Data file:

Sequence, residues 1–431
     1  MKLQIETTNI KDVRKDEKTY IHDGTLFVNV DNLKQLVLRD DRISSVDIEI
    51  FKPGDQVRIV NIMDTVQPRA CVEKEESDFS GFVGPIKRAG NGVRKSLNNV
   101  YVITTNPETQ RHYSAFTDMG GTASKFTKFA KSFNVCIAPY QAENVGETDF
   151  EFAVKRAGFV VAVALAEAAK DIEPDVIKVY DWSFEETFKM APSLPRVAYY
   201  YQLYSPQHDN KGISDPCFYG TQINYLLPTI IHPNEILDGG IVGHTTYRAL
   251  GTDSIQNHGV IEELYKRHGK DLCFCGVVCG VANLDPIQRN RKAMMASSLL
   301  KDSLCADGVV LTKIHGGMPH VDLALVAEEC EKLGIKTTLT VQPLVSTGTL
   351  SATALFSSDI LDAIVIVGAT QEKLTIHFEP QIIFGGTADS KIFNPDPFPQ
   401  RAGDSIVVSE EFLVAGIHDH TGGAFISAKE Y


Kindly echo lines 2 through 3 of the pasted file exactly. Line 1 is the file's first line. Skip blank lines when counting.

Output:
     1  MKLQIETTNI KDVRKDEKTY IHDGTLFVNV DNLKQLVLRD DRISSVDIEI
    51  FKPGDQVRIV NIMDTVQPRA CVEKEESDFS GFVGPIKRAG NGVRKSLNNV